Commentary: French without Tears
Equity markets have started 2012 in finer fettle than for most of the second half of 2011, with global equities, as represented by the MSCI All Countries World Index (gross, sterling return) up 4.7% so far this month, with risk aversion falling, as measured by the Chicago Board Options Exchange’s Volatility Index (VIX) from 23.4 at the end of last year to 20.9 at the end of last week. The developed markets (MSCI World Index) are up 4.5%, led by the United States being up 6.7%, offsetting a weak start from France, Germany and Italy.
The MSCI Emerging Markets Index is up 5.8% in sterling, led by China (up 10.9%), Taiwan (+9.4%), Indonesia (+9.3%) and Brazil (+8.0%). The clearest sign that risk is being sought is the strong performance of the global banking sector, up 7.4% in sterling so far this year, although the broader distribution of equity performance is shown by the pharmaceutical sector’s +7.7%. Value is to the fore, outpacing growth so far this year, but large and small cap are broadly in sync.
It is of course very early days in the calendar year, a notch in time which appears irrationally and arbitrarily important to most investors, and the first significant reality bump occurred after the markets closed on Friday as the S&P ratings agency followed through on their December warning and downgraded the credit rating of France and Austria. However the yield spread of French over German bonds had been signalling for some time how investors were pricing the credit of one against the other. Of more concern may be the knock on effect on the credit rating of the EFSF, as it draws on the underlying credit ratings of the participating countries, and thus its effective spending power is reduced.
However the real impact may be the nudge to investors that while markets are currently calm, the Eurozone story is by no means over, with Greece still struggling to negotiate with holders of its bonds about the extent to which they accept a loss. As these negotiations falter, the prospect of Greek default and a disorderly exit from the Eurozone rises. The concerns about interbank liquidity in Europe still exist, but the ECB’s LTRO (long-term refinancing operation providing three year loans) has done its job in providing a much needed, and open ended, source of liquidity to European banks.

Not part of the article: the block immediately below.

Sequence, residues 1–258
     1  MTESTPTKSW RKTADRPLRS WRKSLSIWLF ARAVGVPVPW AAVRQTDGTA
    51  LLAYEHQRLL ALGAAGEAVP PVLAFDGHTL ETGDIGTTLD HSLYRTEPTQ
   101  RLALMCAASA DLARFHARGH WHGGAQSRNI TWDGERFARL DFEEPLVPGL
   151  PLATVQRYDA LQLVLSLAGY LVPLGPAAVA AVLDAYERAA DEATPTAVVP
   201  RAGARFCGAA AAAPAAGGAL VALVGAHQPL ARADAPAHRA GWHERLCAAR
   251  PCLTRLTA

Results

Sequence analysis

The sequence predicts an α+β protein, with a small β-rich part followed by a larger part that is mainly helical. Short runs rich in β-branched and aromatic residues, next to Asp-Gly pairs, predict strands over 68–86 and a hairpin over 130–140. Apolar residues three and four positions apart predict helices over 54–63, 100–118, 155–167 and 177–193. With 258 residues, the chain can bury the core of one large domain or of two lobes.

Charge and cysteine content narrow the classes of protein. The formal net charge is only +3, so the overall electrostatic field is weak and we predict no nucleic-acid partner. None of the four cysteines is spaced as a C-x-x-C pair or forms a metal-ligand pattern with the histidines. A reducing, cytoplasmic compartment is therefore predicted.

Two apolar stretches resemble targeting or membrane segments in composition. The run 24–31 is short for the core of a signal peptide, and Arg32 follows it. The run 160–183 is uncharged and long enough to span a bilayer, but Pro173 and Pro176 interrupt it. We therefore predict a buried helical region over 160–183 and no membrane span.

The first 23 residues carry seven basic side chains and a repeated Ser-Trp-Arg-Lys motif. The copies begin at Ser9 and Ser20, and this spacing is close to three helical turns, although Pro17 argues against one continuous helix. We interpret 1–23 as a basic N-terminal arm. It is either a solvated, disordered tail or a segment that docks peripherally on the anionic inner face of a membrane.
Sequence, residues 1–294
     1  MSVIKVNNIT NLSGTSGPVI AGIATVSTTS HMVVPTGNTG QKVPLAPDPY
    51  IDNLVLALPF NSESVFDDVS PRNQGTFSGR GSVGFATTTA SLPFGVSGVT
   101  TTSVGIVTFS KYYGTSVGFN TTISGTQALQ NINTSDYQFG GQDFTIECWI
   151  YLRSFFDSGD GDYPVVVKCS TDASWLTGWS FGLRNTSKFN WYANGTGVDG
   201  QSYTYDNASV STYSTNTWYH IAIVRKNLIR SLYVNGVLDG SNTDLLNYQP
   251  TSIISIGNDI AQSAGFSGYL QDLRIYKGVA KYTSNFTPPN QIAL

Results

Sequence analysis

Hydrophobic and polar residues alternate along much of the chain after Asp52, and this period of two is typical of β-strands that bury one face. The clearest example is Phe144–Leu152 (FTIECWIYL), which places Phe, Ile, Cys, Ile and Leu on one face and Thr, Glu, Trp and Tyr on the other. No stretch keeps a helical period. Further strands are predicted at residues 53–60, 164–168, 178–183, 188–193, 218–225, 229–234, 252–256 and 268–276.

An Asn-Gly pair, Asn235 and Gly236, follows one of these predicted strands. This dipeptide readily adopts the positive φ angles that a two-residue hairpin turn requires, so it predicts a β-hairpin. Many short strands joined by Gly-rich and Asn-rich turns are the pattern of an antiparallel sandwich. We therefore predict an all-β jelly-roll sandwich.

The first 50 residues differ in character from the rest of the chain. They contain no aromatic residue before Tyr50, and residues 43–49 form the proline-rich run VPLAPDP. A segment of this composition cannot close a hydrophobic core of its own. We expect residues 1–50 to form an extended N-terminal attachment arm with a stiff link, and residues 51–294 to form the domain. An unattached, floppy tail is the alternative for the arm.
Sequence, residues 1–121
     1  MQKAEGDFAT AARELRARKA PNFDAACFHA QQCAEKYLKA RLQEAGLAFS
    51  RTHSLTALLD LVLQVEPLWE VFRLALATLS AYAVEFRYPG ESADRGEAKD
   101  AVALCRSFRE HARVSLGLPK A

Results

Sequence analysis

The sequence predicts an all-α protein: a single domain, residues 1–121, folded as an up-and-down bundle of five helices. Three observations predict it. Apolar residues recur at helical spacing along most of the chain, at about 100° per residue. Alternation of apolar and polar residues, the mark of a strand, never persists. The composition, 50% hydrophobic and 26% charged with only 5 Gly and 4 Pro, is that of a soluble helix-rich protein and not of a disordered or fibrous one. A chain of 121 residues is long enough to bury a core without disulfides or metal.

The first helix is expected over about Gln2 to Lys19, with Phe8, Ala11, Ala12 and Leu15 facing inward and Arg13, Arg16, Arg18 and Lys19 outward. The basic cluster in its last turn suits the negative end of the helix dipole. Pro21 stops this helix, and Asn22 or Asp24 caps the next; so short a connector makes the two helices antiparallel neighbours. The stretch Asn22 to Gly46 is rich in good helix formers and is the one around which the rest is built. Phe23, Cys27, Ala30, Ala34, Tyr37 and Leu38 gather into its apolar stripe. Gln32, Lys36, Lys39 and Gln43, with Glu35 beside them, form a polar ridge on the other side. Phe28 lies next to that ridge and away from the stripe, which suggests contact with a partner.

Elsewhere underlying US economic data continues to be broadly positive. The economic research house ISI report US dividends up an annualised 21% in the fourth quarter, US M2 money supply up 10.8% year-on-year, bank loans up, their truckers survey up to a reading of 56.9 compared with its recession low of 7.6. Their conclusion is that the US economy has become self feeding. It could disappoint of course, especially if the wash from a European recession hits US shores.
However the picture in Asia looks more positive and we will get further signals this week: Chinese GDP and industrial production data for Q4 2011, and UK inflation, all on Tuesday; US industrial production and producer prices on Wednesday, and US inflation and the Philly Fed survey are reported on Thursday. Friday sees Canadian inflation, UK retail sales and Taiwan’s industrial production reported.
According to FactSet, the MSCI ACWI stands valued at 11.4 times historic earnings, compared with the low of 7 times in 2008, whilst the MSCI EM index is on 10.1 times historic earnings. Europe ex UK is the cheapest region on headline numbers, at 9.7 times next year’s earnings.